It was one of those massive chest freezers, big enough to fit a whole cow if it so pleased you. I felt like a deep-sea diver, legs flailing as I plunged down, scouring the ocean floor for ancient shipwrecks. The deeper down and closer to the stinky source I got, the more I wish I really did have some sort of oxygen device. Finally I found it, stuck to the bottom. An innocent looking plastic bag. But stuffed to the hilt with chopped raw onions.

"Oh! I forgot about those!" said Mum sheepishly.

Never one to resist a freebie, Mum had been given the onions at a school fete, leftovers from the sausage sizzle. She'd thrown them into the freezer For Future Use, and hadn't given them another thought until long after their evil scent had invaded every last bit of food in the freezer and bludgeoned our tastebuds.

She was going to make us keep eating the remaining six loaves of bread (on special, $1.20), but we went on a hunger strike until she relented. Let this be a warning to you kiddies, onions are the devil's vegetable.

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About Shauna Reid

Ahoy there! I’m an author, copywriter and old school blogger. I love telling stories about life and helping my clients to tell theirs. Find out more about me and how we can work together.


24 thoughts on “The Onions of Doom

  1. Hey Mosh-mate! First comment?!?! ;P Heh, as a young fellow my step-dad used to eat a handful of radishes which would transform him into The Radish Monster. He’d then chase us kids around, pin us down, and breath the evil Radish Breath on us. So, um, my phobia is radish related 😉

  2. First off, my parents have twelve tubs of margarine inhabiting their freezer full of chopped raw bell peppers. Talk about your ick.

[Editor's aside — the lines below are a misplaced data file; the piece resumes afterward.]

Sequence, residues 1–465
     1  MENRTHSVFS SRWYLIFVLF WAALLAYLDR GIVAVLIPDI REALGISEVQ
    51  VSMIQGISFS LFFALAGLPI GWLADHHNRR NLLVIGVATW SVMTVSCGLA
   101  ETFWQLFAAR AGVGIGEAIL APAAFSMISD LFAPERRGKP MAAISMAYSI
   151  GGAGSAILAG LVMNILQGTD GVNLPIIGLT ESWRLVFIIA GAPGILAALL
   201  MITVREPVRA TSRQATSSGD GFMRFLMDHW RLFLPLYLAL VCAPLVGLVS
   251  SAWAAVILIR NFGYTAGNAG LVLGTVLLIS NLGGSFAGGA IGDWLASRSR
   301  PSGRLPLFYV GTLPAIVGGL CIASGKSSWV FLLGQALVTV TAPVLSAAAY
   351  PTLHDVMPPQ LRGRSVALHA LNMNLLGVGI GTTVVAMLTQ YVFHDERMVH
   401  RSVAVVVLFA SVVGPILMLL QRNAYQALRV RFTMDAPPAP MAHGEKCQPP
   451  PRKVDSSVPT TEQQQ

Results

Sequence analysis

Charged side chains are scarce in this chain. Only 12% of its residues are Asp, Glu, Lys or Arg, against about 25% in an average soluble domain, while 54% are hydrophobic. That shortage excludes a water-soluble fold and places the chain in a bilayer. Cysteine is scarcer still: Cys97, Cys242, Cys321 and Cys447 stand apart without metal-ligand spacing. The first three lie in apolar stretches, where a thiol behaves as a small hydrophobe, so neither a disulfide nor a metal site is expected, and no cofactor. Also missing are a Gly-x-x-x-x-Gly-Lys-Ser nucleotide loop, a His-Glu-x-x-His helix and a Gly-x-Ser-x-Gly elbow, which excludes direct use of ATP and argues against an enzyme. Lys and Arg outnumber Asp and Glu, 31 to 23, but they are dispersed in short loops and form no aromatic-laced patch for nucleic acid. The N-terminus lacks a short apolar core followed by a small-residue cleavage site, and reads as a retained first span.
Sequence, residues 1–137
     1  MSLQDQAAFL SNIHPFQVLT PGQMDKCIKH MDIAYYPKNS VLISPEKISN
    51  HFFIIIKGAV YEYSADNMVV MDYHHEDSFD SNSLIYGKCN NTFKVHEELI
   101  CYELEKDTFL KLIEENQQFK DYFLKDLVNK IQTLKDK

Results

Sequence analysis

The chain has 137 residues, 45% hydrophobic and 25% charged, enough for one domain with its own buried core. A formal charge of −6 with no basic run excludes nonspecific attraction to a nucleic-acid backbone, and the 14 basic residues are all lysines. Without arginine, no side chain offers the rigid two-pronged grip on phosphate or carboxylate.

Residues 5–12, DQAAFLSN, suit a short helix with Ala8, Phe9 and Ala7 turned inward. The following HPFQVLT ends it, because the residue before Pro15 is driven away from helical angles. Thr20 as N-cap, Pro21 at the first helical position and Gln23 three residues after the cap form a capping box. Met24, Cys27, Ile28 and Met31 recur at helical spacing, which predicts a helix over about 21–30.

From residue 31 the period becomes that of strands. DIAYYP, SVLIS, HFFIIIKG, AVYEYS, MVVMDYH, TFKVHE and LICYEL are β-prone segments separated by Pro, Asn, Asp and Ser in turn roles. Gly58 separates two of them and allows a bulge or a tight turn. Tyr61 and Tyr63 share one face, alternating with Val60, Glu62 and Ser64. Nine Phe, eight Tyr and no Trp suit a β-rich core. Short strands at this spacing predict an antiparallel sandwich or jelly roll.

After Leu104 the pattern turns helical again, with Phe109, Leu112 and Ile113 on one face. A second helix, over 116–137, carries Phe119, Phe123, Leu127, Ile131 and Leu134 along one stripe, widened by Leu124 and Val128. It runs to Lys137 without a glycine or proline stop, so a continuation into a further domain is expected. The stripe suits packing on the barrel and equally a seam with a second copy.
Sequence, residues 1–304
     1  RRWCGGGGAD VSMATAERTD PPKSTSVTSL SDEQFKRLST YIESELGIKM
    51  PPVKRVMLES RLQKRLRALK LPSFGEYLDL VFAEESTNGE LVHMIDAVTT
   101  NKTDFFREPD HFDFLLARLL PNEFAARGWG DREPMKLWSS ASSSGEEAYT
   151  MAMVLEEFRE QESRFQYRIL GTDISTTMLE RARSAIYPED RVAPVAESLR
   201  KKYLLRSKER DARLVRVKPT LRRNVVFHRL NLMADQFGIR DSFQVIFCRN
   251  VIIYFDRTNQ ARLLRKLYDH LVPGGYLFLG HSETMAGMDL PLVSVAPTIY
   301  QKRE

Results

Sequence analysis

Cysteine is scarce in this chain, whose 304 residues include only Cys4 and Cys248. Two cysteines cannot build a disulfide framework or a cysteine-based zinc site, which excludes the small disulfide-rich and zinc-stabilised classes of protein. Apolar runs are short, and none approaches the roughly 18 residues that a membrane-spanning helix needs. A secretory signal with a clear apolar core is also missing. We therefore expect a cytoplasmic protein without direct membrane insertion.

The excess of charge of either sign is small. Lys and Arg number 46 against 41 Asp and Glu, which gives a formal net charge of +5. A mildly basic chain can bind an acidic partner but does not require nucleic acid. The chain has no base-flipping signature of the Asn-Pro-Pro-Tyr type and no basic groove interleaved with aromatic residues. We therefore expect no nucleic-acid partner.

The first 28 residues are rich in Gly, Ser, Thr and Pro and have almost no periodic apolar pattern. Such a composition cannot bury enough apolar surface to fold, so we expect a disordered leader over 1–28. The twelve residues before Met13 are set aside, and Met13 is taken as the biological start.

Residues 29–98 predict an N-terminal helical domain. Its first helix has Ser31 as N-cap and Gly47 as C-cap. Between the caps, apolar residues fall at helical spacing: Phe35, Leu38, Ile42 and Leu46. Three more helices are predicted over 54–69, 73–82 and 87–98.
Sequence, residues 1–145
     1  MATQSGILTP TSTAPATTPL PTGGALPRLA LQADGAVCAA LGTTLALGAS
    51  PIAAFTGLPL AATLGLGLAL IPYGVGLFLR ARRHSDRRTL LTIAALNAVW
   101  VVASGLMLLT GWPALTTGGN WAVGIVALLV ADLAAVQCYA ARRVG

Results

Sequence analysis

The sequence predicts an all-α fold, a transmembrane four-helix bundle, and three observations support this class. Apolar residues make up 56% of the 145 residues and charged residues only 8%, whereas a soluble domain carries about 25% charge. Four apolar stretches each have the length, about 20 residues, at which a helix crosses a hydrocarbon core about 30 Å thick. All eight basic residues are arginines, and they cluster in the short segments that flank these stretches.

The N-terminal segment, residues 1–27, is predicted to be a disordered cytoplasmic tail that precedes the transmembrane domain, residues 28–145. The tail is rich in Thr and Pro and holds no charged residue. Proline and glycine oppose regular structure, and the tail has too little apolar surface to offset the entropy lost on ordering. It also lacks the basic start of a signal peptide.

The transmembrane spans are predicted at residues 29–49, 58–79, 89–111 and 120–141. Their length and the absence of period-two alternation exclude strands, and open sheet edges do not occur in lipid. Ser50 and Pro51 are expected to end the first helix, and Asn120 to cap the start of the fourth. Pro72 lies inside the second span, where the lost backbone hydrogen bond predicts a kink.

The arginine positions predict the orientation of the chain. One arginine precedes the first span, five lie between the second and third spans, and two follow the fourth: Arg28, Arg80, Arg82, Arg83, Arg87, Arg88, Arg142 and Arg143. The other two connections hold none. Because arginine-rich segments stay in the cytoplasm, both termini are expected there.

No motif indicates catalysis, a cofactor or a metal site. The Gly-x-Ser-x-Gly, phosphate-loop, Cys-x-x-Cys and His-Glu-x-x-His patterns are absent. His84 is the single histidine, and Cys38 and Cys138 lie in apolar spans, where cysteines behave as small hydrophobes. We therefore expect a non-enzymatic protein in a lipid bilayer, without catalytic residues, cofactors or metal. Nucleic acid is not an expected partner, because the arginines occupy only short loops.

Those were on special for 88 cents.
    Secondly! Try taking some vanilla extract (or vanilla essence, whatever the hell you call it) and rubbing that on your hands. It’ll get rid of that onion smell right away.
    This has been more Helpful Advice From Marybeth. Thank you and good night.

  3. Chokos. My mother is evil. Say no more.

    Just take pity on the six-year-old forced to eat boiled choko opposite a mother happily chowing down on hers.

  4. Marybeth, does using vanilla essence/extract/etc as mouthwash work against the aromatic consequences of eating raw onion? (The reason I ask is because I like raw onion, but don’t like being single.)

    As for eating deceased food, I shall not forget the time I was given some rather suspiciously smelling fish fingers (and that’s not smut, ’cause that’s another story). Upon cutting into one of the aforementioned fish fingers, I discovered it to be green inside.

    When I reported this to my mother, I learned that she and my brother had just assumed that the different flavour was just how they just happened to taste. My brother ceased eating his, but our mother had already finished all hers.

    So, always look at what you’re about to put in your mouth!